Percussion for Hill and GPS

Here is a [completely non-representative] taster of what was coming out of the cardboard boxes:

Percussion for Hill and GPS from nikkipugh on Vimeo.

The drumming and breathing was commissioned from Adam Kinner (the saxophonist from this post). He’s recently started a blog and I definitely think it’s one to watch for the future. Go have a look-see.

17 ways…

A (silent) video accompaniment to the previous post:

17 Ways… from nikkipugh on Vimeo.

Manifesto for mediascapes

During the Almost Perfect residency, I had the chance to try out a few different types of thingies running off the mscape platform, but towards my 4th week in Banff I was starting to question the typical delivery format of iPaq and headphones. I couldn’t see how wandering around on your own, gingerly holding a foreign touch-screen device whilst plugged into headphones and being isolated from your surroundings related to my practice.

Nothing against those other mscapes I experienced, it just wasn’t a canon I wanted to contribute to.

Here’s what we were using to run the mscape player off:


A sight that might make some techies salivate, but kind of intimidating at the same time. These would generally be used in conjunction with some fairly substantial headphones. As a result you could very easily be worrying about if you’d pressed some of the wrong buttons, accidentally nudged the touch screen or whether you were easy prey for some street crime …rather than concentrating on whatever sounds were being delivered to via the headphones.

Things started to get interesting when people paraded down the street en masse but, for the most part, the experience stayed with the person wearing the headphones.

Cue my manifesto for mediascapes:


Be visible (i.e. make it obvious that something is happening, rather than skulking around wearing headphones and looking at a small screen); and be audible (inflict your happening onto innocent passers-by).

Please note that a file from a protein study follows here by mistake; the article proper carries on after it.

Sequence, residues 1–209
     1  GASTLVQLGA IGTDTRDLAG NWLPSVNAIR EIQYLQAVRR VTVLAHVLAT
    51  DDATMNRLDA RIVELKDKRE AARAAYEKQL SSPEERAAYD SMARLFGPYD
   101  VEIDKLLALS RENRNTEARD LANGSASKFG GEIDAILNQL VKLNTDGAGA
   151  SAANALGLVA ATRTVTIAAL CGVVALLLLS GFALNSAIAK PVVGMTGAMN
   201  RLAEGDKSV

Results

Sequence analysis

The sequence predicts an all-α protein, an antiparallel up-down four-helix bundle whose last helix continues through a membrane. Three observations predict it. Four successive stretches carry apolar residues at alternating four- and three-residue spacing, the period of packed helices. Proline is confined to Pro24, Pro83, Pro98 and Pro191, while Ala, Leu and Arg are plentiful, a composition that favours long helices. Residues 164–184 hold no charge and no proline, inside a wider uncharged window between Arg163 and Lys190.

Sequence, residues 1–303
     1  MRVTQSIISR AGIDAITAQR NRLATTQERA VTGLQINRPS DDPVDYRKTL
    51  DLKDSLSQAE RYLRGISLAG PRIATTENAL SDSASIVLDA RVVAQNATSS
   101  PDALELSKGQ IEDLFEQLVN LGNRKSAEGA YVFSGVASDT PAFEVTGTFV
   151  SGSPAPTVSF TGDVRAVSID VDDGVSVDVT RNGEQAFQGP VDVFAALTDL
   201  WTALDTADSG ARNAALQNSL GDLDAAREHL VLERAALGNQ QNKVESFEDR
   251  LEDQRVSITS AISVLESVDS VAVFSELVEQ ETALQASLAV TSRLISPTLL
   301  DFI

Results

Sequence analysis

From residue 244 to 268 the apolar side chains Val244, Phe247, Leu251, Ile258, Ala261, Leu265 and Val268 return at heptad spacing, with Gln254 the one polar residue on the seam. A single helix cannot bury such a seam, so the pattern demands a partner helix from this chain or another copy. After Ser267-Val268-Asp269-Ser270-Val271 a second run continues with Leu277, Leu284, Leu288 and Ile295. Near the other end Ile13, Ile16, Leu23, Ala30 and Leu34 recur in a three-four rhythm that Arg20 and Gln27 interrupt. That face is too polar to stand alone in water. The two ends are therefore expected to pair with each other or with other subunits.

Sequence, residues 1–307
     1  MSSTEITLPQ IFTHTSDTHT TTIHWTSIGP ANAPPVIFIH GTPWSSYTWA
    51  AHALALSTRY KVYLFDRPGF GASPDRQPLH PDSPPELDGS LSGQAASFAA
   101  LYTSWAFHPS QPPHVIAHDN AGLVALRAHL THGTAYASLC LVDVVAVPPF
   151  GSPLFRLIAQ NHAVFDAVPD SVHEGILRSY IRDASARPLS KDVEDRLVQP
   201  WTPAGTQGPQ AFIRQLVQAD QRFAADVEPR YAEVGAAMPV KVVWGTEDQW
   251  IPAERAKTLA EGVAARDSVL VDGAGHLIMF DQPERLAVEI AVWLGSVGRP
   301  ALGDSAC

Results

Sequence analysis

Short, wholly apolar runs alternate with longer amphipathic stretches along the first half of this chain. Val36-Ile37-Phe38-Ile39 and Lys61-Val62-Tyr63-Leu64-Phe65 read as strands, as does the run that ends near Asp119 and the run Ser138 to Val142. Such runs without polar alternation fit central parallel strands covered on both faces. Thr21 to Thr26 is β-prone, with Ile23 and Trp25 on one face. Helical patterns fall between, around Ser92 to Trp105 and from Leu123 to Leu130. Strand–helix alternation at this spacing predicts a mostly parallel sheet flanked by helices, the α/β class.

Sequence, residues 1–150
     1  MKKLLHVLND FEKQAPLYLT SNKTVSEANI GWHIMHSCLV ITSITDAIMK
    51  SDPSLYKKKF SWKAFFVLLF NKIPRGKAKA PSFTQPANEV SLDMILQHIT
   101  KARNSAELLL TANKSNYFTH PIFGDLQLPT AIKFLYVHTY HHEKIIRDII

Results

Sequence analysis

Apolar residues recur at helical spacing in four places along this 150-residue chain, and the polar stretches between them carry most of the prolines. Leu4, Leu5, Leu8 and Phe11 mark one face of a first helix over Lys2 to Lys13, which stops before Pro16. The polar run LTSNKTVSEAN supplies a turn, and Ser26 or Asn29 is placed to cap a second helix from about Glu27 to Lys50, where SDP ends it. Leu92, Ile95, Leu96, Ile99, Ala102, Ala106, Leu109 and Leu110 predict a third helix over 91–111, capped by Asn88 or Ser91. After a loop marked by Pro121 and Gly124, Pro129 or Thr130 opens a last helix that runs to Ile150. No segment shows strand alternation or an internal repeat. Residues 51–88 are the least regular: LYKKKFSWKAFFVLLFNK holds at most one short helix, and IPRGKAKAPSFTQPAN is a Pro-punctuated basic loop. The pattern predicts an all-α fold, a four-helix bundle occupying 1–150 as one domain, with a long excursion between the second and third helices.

These starting points later opened out into further thinkings about how to make mediascape experiences shared experiences and how to make mediascape experiences playful experiences.

How these thoughts manifested themselves was through a quick prototype alternative housing for the iPaq.

First I hacked (in the non-tech sense) apart and rewired some mp3 player speakers and then I mounted them inside a cardboard tube.



I then had something big with a strong physical that you were very aware of carrying; something a bit shonky and made from very familiar, very non-intimidating materials; something that was loud; and something just a little bit ridiculous. A tool, a plaything, a conversation starter.

Actually, I had two.

With a diameter of influence of about 20 metres each.

With two of these ‘talking sticks’ I had a way of encouraging interaction between people using the mediascape. We also started up a few conversations with people who had no idea what was going on …but wanted to find out!


Like when Emergent Game‘s egorbeaver made friends with the ticket inspector or when Paul and some other Digbeth Invigilators found themselves in the position of having to make sure an inebriated stranger got back to her hotel safely I find these instances of when a thing bleeds out of its original context and reaches another layer of participant very interesting.

It was also fascinating to see how changing the interface for the mediascape changed the way people conducted themselves. Admittedly I don’t have a huge amount of experience with mediascapes, and wandering around the corners of campus listening to piano strings being broken is probably going to foster a fairly light-hearted reaction, but there’s something different going on here, right?




careful now










[Update: And there’s some video footage here too.]

In C for Open Road

open road

I always knew I wouldn’t be able to realise my full-blown ideas for a locative media version of In C whilst I was in Banff this November: there just wasn’t time to organise the tech, the musicians, the recording and the power issues.

Still, not one to be put off by technicalities, I set off for a walk and a low-tech version. In C for musicians, speakers, GPS and open road.

map and chalk

Armed with a map and some chalk I walked along a road that had been closed to vehicles for the Winter. Taking each of the motifs in turn, I walked until what felt like the appropriate moment to pause and draw the music onto the road’s surface.

really open road

I’m not sure how long I walked for or how far I travelled, only that I got up to the 17th motif before my chalk ran out. This, I decided, was the end point for the piece.

Only not quite.

My minor obsession with In C is tied up in with chance meetings, interactions and collaborations with various people outside the group directly involved with the residency I was on and, as such, somehow really underlines the true value of residencies such as these. I still had 4 more sticks of chalk (kindly donated by Laura, thankyou!) and decided that rather than continuing in a different colour, I should open things up to further collaboration from other people.